The Farallons is one of the few places where great whites are known to congregate year after year (Sept thru November), and thus the perfect place to study the species. After a few years of tagging, GPS sensors were able to track where they went post-Farallons, and they discovered that sharks also congregate at a spot in the middle of the ocean, far from anything, and presumed to be hard-coded into their 400 million year old DNA as a mating ground.
Very enjoyable read– recommended!
Continue reading “The devil’s teeth”
Interesting look into the real Marie Curie story– from what I remember in 8th grade curriculum, she was a genius scientist and not much else. This bio looked inside her personal life, from a girl in Warsaw whose intellectual parents were poor but happy, to working as a nanny to pay for her sister’s studies at the Sorbonne, to going to Paris herself and working for her own degree at the Sorbonne, to hooking up with Pierre Curie because the quality of the instruments he was inventing would enable her to more accurately measure her experiments. She found a soulmate in Pierre, and they both worked tirelessly together on the quest to isolate Radium (and in the process also discovered Polonium). The non-recognition afforded her b/c she was a woman irked Marie, and Pierre was more than willing to credit her with the entire discovery in his acceptance of the Nobel prize. They had two daughers, Irene and Eve; Irene followed in her parents’ scientific footsteps, and went onto the battlefields of WWI as a teenager helping her mom with Xray equipment on the front line. Eve was more arty, interested in fashion and charming in her own right. Marie was driven by her work, and rarely saw her daughters as they were growing up. She eventually wised up to the fund-raising necessary to keep her lab going, and undertook an extensive tour of the US to obtain cash.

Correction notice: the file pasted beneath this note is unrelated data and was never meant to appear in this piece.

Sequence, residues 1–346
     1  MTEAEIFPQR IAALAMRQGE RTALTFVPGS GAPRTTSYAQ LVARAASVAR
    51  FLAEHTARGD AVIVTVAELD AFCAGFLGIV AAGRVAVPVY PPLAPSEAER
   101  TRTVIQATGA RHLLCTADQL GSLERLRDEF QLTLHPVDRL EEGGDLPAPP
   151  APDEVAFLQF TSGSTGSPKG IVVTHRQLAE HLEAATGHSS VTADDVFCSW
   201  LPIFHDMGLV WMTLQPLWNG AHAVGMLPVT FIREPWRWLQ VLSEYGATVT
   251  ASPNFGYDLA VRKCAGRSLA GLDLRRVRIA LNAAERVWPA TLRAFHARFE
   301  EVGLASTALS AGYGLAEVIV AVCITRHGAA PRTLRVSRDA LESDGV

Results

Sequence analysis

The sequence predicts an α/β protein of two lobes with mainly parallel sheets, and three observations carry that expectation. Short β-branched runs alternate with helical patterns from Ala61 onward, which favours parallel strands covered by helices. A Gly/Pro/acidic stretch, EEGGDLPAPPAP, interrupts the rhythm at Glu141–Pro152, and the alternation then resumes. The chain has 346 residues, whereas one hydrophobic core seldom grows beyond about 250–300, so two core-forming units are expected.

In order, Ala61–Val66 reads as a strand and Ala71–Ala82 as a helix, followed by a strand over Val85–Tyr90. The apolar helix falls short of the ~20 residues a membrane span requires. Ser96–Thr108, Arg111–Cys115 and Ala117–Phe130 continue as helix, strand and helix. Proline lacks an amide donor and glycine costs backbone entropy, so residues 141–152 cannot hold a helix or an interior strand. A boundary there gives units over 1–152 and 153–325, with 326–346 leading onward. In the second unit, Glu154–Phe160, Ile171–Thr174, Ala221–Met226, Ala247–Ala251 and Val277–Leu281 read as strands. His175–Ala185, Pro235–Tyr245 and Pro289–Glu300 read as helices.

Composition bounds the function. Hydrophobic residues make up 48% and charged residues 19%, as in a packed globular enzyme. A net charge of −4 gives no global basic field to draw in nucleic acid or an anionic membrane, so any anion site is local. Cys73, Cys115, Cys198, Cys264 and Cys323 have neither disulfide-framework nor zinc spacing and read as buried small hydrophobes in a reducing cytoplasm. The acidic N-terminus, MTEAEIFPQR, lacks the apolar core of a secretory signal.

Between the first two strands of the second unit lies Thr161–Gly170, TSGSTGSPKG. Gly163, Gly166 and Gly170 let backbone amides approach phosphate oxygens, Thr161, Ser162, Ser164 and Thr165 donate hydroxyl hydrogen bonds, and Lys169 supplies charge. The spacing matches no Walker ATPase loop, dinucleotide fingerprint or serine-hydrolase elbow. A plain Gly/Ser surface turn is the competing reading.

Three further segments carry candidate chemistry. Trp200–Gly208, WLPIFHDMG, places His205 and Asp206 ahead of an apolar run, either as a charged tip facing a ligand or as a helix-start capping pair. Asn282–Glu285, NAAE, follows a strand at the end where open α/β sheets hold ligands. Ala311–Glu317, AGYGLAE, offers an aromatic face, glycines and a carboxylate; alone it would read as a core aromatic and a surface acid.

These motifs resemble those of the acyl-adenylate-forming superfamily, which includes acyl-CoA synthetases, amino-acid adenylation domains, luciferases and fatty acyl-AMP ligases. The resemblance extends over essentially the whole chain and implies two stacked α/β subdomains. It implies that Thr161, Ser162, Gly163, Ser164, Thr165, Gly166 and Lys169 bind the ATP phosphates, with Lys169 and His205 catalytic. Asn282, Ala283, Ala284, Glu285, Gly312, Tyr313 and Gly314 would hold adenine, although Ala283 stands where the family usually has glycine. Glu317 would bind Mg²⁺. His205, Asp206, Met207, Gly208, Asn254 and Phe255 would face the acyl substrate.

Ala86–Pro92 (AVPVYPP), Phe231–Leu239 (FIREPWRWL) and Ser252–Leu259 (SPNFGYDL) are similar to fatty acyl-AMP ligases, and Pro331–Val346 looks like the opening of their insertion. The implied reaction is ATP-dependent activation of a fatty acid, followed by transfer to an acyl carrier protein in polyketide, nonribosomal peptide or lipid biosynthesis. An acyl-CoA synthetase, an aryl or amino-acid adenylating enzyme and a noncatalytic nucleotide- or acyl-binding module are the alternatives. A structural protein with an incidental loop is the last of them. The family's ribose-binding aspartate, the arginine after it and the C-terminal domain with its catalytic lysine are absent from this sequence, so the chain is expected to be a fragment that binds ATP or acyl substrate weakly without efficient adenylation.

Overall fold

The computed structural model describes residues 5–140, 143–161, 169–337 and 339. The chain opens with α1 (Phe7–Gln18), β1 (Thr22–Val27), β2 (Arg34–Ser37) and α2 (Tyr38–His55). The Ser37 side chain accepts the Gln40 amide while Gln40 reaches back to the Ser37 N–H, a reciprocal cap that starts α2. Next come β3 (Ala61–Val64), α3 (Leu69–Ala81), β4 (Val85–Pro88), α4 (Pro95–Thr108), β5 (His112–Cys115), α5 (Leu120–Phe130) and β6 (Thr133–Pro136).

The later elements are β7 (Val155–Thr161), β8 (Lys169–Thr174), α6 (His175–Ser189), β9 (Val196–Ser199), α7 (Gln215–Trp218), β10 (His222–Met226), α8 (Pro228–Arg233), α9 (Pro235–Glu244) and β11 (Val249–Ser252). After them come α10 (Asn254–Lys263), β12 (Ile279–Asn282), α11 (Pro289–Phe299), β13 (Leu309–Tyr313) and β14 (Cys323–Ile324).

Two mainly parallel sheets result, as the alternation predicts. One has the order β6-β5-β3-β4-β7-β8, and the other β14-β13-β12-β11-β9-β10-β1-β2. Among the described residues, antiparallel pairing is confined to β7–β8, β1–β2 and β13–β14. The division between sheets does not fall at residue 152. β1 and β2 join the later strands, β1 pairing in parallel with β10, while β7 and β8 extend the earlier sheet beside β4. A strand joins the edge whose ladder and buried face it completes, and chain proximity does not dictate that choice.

Continue reading “Obsessive Genius”
Another gem that I just watched the first 5 eps of. Had heard various media rumblings about this, but I don’t get Showtime, so downloaded the first 5 eps. Awesome and I continue to love Mary Louise Parker. Heard the “Treatment” podcast interview with Jenji Kohan (creator of Weeds) which prompted me to seek it out. Throwing the bones, indeed!
Hell yes. Recommend this gem of a DVD/download… it aired on (I think) FX back in 2002, and I’m just now hearing about it. Pilot ep is a wee bit too long, but once you get past that, lots of great episodes in the 14 ep series. Cancelled after that 🙁 because network idiots, but this is available via DVD or download should you care to sample it. Check it out!
I took pieces of the walks suggested within; specifically the Bloomsbury and Soho and City walks. Was a good resource, not particularly great for a time-pressed visitor, but perhaps for a Londoner.
Highlights from my walks included actually getting to tour 44 Bedford Square (Lady Ottoline’s house where V. Woolf and H. James frequently visited) which is now a VAT tax office. Also Pepys Navy Office site, St. Dunstan’s ruins, the Temple, Virginia Woolf’s various houses about Bloomsbury, Thackaray/James in Kensington.
Continue reading “Walking Literary London”
Much appreciated guidebook to London– broken out by neighborhood, and goes into great detail where needed (such as Westminister Abbey, British Museum, National Gallery, etc.)
Continue reading “The Rough Guide to London”
Awesome first person account of long distance swimming in sub 40s temperatures. Lynne details her swims, starting from the 3 hour swim through a hailstorm as a 9 year old, to her first attempt from Catalina to LA, crossing the English Channel with record breaking speed, 10 mile swims through the Nile with dead dogs, rats, and other disgusting surprises, Bering Strait swim that united USSR and USA, Lake Titicaca, Strait of Magellean, the list goes on and on. Her final swim was a mile swim to Antartica in 32 degree water.
Lynne is perfectly suited to long distance cold swimming, with an even distribution of body fat and a netrual buoyancy (she doesn’t have to work as hard to float).
This was a quick read, an inspirational story about setting goals and working your ass off to accomplish them.
Continue reading “Swimming to Antarctica”